‘Been thinkin’ a lot about oceans, lately.
I’ve tried to replicate it with my voice, to no avail. That is, the never-ending background “HMMMMMMMM” that an ocean makes. No, I don’t mean the periodic swoosh of waves as they find their way to the shore. I mean the machine-like moan one hears, very similar to the constantly flowing sound of traffic on a busy Interstate highway.
HMMMMMMMM. I’m a life-long “land-lubber.” I had no idea. In fact, that’s what I thought it was — traffic — when I first arrived in Newport, Oregon on a visit with friends who live just blocks away from both Highway 101 AND the Pacific Ocean. You’ve heard of that ocean; it’s that same ocean bordered on the “other side” by Japan (which, by the way, recently gifted Newport with a floating dock, a remnant of the tragic tsunami of two years ago.)
I could actually see the ocean from the west window of my upper-floor bedroom. Amazing. But it was that background humming noise that was at once so immediately intriguing and, I have to admit, disturbing. And it was that which has brought me so many moments of thought. So constant. So never-ending.
Then, as I settled in as a pretty long-term visitor/resident, it began to take on a kind of analogy for life as we, every one of us, “do” life in this country… a constant regularity of habitual activity… a humming of routine that runs 24/7, whether we are aware of it or not. Most of the time, our routines run like the background noise of an ocean.
For example: My friends in Oregon OR any other middle-class family in the U.S.of A. (I LOVE YOU, friends in Oregon!)
My friends have a fairly typical family, I think. He’s a physician’s assistant at a 20-bed hospital there, she is a former social worker (is one EVER a former social worker?) who has taken time out for her first priority, being a mom to two little girls, “W” who is 5 and “S” who is 1.
Because they were kind enough to allow me to invade their space for two whole weeks, I got to observe the inner workings of their family’s schedule. The mom calls it a “well oiled” machine.
Exibit One: Dad gets up early, 5:30 a.m., if memory serves me, (the waft of newly-brewed coffee floating up to my “bedroom in the sky” always alerted me), while Mom, who has already been awakened more than once during the night to the demands of a breast feeding baby catches a couple of extra winks, (well, maybe). Dad does early morning emails, makes coffee, tends to the needs of four giant cats and breakfast for two tiny girls, (one of whom is quite content to happily babble away and give rapt attention to her toys…until it becomes time for the provision of a post breakfast, “BREAST-fast.” Enter Mom, stage left.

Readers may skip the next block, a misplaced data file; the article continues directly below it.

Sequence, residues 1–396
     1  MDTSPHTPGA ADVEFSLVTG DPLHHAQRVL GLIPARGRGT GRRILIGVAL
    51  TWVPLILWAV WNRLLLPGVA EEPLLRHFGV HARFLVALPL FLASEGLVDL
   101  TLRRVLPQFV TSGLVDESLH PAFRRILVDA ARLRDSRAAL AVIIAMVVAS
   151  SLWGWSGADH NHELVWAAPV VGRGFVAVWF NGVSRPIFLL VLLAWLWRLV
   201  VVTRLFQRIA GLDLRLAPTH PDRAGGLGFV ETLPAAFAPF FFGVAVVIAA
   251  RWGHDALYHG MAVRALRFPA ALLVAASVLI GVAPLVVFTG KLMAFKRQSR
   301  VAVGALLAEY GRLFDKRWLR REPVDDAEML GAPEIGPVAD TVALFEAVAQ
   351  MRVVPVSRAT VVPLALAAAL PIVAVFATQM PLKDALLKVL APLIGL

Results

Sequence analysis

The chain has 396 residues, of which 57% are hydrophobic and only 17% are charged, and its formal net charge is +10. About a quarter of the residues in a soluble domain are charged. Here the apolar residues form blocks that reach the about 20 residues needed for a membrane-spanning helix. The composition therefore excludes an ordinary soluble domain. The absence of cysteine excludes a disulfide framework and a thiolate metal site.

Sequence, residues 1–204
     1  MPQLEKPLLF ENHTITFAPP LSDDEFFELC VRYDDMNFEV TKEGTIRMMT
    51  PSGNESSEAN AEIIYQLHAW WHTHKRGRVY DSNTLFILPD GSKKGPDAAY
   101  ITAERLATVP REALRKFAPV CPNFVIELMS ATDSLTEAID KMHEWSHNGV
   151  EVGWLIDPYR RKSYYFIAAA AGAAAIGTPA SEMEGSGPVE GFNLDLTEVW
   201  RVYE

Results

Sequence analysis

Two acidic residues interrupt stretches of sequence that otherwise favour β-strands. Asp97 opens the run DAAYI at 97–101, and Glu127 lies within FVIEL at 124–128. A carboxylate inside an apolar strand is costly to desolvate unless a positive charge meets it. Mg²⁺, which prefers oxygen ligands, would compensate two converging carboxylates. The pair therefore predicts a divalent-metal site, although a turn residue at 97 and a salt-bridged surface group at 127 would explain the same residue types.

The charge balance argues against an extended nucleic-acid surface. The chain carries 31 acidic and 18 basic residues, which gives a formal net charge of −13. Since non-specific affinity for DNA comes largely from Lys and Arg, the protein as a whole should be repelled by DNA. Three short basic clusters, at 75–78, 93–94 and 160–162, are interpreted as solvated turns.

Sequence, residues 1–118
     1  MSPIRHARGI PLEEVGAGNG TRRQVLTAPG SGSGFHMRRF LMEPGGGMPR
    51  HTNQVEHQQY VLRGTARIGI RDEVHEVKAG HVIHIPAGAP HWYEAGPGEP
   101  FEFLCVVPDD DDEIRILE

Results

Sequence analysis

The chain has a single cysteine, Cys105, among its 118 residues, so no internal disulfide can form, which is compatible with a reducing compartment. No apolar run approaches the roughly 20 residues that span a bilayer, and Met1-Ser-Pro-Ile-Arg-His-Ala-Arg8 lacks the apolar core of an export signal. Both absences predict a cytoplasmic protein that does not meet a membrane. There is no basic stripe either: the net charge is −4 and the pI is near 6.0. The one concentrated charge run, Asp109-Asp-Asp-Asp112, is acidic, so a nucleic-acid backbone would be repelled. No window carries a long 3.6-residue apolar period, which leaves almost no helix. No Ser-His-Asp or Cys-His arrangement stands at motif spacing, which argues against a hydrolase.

Dad, in the meantime, has showered, collected his 5-year-old, and headed out to deliver her to her kindergarten class.
Mom, then, gears into “high” as her daily shift of caring for her baby, keeping the house tidy, washing three tons of wash (cloth diapers), figuring out the evening’s supper menu, washing three more tons of clothes (and breast-feeding the baby)*… until she must drive mid-morning to pick up her older daughter from school. (By the way, wherever this woman goes with her children, she hoists a 20-pound pack of “essential baby stuff” on her back while carrying a 25-pound baby in a carrier on her front!).
Most days of the week, Dad comes home for lunch and everyone sits down to some really healthy hand-chopped raw veggies, left-over soup, hard-boiled eggs … OR, in the baby’s case, something ooey-gooey that she delightedly scoops into her mouth … sort of … naturally creating a mess to be reckoned with later.
On Wednesdays, there is a ballet class after “W’s” morning school (is there ANYTHING cuter than a roomful of tutu-ed little girls?) for which there must have been previously-prepared sack lunches made for Mom and baby while they wait as big sister pirouettes across the shiny wood floor. Mom breastfeeds baby.
Somewhere during the week, of course, there is the obligatory trip to the grocery store to buy the necessary supplies for a four-person family (plus a visitor). Then, while Dad’s still at work, Mom and her girls go home to play or read or do a few dance twirls in the living room. Baby is breastfed and put down for a nap, after which time Mom does three more tons of laundry.
(Stay with me here!)